Why I Am Posting These Recipes

I believe that it is healthier for an individual and for the planet to reduce the consumption of animal products in the human diet. However, I love to eat all kinds of delicious food, and find it really, really difficult to go totally vegetarian. Also, my family protests if I serve too many vegetarian meals in a row. So I am committed to making an effort to move towards a vegetarian diet without wholly doing so. I will post recipes several times a week that represent my philosophy of eating well, eating healthy, eating local. Most recipes will be easy to prepare, as I have a busy life. So I expect my followers to be people who love to cook and eat well, want to try to help the planet through their eating (by eating local foods and trying to reduce the use of meat in our diets), and have many other things to do each day besides cook.

Thursday, February 7, 2013

Beef Stew

Animal farming consumes more of earth's resources than plant farming does, but animal farming on small family farms, especially ones located near where you live, consumes fewer resources than large corporate farming does.  If you do not want to be a vegetarian, you can still take steps towards eating in a way that is greener, by consuming meat that is farmed humanely and in a way that does not pollute on a massive scale, by consuming meat that does not have to travel far to get to your kitchen, and by decreasing the amount of meat you consume.  One way to decrease the amount of meat you consume without feeling like you are depriving yourself is by making dishes that load up on vegetables so that meat is a smaller part of the overall meal.  This recipe for beef stew has lots of vegetables in proportion to the meat, so that everyone partaking of it is eating less meat without even realizing it!  To increase the sustainability of your eating here, purchase grass-fed beef, preferably beef that has come from a local farm.  Purchase as many locally farmed vegetables as possible, too.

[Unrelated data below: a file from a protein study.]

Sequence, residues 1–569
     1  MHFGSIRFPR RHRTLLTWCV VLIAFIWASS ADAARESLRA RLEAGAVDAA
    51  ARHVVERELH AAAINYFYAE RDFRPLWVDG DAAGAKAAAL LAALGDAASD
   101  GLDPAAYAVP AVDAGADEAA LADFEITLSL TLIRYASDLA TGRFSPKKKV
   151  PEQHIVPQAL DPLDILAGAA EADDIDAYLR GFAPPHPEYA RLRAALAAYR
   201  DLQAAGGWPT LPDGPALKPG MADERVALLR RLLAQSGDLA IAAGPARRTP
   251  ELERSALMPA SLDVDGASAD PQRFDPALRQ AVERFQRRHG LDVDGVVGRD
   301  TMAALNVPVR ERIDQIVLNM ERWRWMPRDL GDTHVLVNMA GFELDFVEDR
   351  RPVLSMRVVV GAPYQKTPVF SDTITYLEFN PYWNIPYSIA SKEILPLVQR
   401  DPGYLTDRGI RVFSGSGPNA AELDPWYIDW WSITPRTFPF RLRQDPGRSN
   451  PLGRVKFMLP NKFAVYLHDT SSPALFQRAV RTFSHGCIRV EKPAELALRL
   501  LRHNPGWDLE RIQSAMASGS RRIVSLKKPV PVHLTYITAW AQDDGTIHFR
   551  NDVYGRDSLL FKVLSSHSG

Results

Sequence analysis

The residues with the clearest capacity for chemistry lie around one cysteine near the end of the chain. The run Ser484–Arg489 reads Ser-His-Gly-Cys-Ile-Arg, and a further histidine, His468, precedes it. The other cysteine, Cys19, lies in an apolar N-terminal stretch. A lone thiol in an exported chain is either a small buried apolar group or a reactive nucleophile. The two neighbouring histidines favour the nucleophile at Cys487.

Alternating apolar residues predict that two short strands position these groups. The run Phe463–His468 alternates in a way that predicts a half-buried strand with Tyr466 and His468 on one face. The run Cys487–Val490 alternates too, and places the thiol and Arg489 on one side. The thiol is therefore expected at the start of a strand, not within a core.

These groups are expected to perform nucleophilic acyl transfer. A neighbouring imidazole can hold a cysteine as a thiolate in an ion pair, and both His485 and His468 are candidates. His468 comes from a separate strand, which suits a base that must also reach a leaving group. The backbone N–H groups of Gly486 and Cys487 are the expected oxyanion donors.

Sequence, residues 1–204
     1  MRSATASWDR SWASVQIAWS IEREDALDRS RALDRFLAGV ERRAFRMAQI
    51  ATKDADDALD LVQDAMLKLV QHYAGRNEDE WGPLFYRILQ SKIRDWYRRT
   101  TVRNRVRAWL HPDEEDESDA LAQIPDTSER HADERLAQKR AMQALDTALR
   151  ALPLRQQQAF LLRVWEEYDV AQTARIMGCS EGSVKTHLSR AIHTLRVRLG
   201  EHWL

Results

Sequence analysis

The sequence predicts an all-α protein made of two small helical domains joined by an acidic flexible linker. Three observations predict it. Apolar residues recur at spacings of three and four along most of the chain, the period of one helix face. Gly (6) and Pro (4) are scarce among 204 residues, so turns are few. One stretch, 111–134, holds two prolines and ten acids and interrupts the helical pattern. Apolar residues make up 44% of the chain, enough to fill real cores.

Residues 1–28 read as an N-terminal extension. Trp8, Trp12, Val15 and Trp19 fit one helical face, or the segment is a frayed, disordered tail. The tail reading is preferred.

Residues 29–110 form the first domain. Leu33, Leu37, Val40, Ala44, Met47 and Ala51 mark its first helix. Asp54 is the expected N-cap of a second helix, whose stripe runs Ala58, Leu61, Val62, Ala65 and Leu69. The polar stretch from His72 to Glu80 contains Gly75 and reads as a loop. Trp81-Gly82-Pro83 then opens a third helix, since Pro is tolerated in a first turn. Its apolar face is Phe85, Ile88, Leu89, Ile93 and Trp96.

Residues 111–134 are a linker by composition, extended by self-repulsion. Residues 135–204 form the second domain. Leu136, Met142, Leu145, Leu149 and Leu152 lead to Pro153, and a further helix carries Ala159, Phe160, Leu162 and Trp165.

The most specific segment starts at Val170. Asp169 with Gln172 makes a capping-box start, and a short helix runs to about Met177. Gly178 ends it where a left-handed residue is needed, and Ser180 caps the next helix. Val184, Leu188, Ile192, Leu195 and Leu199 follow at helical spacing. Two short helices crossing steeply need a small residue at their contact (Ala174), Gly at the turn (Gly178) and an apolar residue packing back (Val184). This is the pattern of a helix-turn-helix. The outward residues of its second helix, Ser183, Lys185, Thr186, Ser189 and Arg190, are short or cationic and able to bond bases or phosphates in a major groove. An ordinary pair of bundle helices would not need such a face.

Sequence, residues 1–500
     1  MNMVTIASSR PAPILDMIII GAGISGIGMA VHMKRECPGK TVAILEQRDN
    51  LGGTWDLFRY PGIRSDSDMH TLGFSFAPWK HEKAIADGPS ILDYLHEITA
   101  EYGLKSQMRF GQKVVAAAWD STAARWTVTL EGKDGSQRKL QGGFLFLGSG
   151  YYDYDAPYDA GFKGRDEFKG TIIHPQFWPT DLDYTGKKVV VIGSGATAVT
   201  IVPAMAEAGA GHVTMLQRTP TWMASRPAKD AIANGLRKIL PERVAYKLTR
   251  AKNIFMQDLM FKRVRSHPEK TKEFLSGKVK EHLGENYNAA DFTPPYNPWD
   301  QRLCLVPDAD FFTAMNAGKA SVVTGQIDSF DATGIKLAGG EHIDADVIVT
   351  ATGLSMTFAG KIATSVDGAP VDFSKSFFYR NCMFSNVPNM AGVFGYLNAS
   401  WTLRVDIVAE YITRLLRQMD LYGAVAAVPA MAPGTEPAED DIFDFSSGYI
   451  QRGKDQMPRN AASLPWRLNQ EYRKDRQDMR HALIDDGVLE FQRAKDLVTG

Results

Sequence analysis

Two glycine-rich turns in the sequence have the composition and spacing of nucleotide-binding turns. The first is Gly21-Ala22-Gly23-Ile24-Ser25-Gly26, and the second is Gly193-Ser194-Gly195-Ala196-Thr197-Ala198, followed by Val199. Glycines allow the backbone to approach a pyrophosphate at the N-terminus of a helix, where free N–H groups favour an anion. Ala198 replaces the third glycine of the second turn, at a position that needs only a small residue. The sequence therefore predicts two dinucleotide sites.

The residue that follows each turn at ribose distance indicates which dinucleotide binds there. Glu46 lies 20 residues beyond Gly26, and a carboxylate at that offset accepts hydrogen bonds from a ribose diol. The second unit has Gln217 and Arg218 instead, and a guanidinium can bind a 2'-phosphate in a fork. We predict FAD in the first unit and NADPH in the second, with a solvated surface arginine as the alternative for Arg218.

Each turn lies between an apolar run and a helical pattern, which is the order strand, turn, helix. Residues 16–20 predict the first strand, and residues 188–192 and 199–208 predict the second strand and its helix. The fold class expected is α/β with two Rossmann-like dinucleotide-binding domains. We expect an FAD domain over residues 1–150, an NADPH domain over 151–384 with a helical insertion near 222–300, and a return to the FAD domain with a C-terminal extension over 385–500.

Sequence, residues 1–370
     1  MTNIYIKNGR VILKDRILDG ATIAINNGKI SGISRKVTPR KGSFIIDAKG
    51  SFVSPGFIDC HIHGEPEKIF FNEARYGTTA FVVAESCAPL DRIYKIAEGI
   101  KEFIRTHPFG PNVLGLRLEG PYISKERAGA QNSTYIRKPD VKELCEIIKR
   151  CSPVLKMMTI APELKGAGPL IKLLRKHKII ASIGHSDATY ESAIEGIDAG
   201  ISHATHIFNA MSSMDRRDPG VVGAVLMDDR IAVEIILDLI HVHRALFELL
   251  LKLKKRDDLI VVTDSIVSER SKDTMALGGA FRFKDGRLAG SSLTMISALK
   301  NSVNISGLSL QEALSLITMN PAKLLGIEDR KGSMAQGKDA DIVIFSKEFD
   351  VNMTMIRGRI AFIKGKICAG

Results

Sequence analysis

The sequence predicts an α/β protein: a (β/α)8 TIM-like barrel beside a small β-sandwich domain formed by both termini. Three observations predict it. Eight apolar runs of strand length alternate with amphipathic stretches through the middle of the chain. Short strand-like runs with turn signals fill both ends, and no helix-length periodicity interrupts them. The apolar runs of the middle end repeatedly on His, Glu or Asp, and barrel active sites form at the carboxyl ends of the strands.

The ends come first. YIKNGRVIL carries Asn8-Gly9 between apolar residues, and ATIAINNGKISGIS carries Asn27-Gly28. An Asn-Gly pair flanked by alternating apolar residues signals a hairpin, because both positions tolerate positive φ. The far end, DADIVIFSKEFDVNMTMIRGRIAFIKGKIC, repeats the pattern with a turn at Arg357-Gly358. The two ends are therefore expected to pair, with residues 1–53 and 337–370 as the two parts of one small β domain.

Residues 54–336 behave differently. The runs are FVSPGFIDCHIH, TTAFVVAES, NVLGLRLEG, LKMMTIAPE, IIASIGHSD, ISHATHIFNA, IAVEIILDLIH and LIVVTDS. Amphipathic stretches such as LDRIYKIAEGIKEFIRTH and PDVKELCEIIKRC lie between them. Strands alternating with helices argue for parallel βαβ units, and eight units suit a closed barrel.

I roasted some of the vegetables before adding them to the stew because I am finding more and more that roasting vegetables in olive oil and salt brings out the natural sweetness of the vegetables.  I can't get enough of them!

3 lbs. stew beef
2 large onions
sea salt
olive oil
2 cups good red wine
4 cups beef broth
2 TBS tomato paste
8 stems fresh thyme
1 tsp. dried marjoram
1 bay leaf
½ lb. carrots
½ lb. parsnips
4 small turnips, peeled and diced
1 ½ lbs. potatoes, peeled and diced
1 lb. green beans, trimmed
shitake mushrooms, sliced
about 1 cup (or a handful) of parsley, chopped

Preheat oven to 400 degrees.  Prepare all vegetables by slicing and dicing.  Toss carrots, parsnips, turnips and potatoes with olive oil and salt, spread in a single layer on baking sheets and roast in oven for about 30 minutes, tossing every once in a while to ensure that all sides get a little brown.  Meanwhile, stir some sea salt and pepper into flour on a large plate and coat chunks of beef with the mixture.  Heat olive oil in a large dutch oven or pot over medium heat.  Add chopped onions and saute until translucent, stirring occasionally.  Raise heat to medium high.  Add flour-coated beef chunks to the pot and stir.  Cook until meat pieces are brown on all sides.  Add wine, beef broth, tomato paste, thyme, marjoram and bay leaf.  Bring to boil, then reduce heat to simmer.  Add the roasted vegetables when they are golden brown.   Add green beans and mushrooms.  Simmer stew covered for about an hour (longer is ok, too, just check the pot and stir to avoid the bottom burning).  Add chopped parsley before serving.  This will taste even better the next day.  It also freezes well.  I am guessing this makes about 10-12 servings.  It served my family of four for a couple of dinners and also provided several lunch servings.

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